Online museum and archive now live
3 April 2009
Sydney Medical School Online Museum and Archive is now running live off the Medical School’s main website. This online medical museum is the first of its kind for a university in Australia, combining a range of text, images, sound and video that highlight the history and achievements of our Medical School and alumni. The project began in 2007 after the Medical School’s 150th celebrations and has been in development during the last two years.
Essentially it has been driven by Dr Lise Mellor who says: “The museum essentially strives to document the development of the Medical School since 1856 and to represent virtually some aspects of the Medical School now so that it’s relevant to those interested in our history as well as current and future students. So alongside the historical information are virtual exhibitions of artefacts and images and visual tours of buildings today. You can virtually go inside a dissecting room and have a look around, for example, as well as look at artefacts that are physically on display in one of our museums. It’s fun, but it’s also an educational resource.”
She adds: “I wanted to build something that could be a more dynamic representation of the achievements of the Medical School and alumni than was possible through the printed medium alone. I wanted to initiate something that could be grown indefinitely and allow for diverse perspectives and input from other authors and researchers. There are multifarious storylines to be told in this Medical School and the format of the museum allows for history to be told through individual biographies, articles, images and oral histories as well as the usual chronological overview.”
Daniel Burn and Sydney Medical School’s Web Development Team have masterminded the information architecture for the site. Daniel says: “It’s a huge site with over 21,000 pages with a variety of media and data format. The biggest challenge was finding the appropriate technologies to manage the vast content of the site as well as integrate it with the look and feel of the rest of the University.”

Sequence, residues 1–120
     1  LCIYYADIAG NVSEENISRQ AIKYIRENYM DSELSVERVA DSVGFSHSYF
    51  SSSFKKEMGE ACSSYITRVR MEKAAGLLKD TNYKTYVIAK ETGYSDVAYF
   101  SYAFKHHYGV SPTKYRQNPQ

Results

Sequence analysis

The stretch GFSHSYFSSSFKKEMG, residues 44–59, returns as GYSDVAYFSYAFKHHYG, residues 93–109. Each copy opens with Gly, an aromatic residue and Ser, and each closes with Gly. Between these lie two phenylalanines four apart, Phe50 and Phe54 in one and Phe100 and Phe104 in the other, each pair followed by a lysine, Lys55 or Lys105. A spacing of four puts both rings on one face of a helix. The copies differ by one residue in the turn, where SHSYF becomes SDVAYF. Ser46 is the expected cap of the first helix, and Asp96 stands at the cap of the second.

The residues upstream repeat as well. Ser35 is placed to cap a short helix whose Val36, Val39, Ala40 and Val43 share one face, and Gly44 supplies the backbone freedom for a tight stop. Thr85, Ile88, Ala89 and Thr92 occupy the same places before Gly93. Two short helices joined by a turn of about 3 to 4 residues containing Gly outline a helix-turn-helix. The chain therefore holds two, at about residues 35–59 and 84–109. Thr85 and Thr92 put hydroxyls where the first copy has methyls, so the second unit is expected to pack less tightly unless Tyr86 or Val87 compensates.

The site is designed in a Wiki format to allow for the data to be cross-referenced and searched in ways that the university CMS format can’t manage. However, it sits behind the usual CMS pages of the Medical School site and users can move in and out with ease.
Some features of the site:
- Historical overview of the Medical School
- Biographies of Medical School staff, alumni and benefactors
- Lists of graduates since 1856
- Digitised publications, including Senior Year Books from 1922 to 1970
- Examination papers from 1880s to 1950s
- Virtual tours of buildings
- Virtual exhibitions
- Artefacts online
- Medical Heritage Trail
- Photo gallery
This year Lise will begin consulting with Heads of Schools, Disciplines and Units to further document the history of each field. In addition she is recording oral histories of our very senior Medical School members.
As well as representing the Medical School’s history, the site functions as an archive housing Medical School publications and images. Behind the public viewing capacity is attached an enormous storage capacity so that publications and documents can be stored for future viewing.
“In order to write history in the Medical School we need to start in the present moment, to make sure that we record information and events as they happen. History is a funny thing. You forget that what we are doing today will be considered historical at some point. In this Medical School particularly, the achievements and medical questions of today are grounded in the legacy of the past”, says Lise.
Tim Harland will be working on the team to produce virtual tours of the clinical schools. “Last year we focussed on Central Campus, but it will be great to be able to show viewers the inside of our other clinical schools. The virtual tours need to be filmed in a room empty of people, which is a logistical challenge in hospitals”, says Tim.
Lise comments that what she has created is an umbrella structure; she encourages others in the Medical School to contribute to it. “I will continue writing biographies and researching history, but the real wealth of knowledge resides in the minds and memories of many of our staff who have been here for decades. Ideally I will begin function more as a managing curator”, she says. She will also accept submissions for biographies from researchers outside of the Medical School.
If you are interested in submitting an article, biography or photographs and documents of historical interest you can contact Dr Lise Mellor on 9114 1164 or
Visit the Sydney Medical School Online Museum and Archive.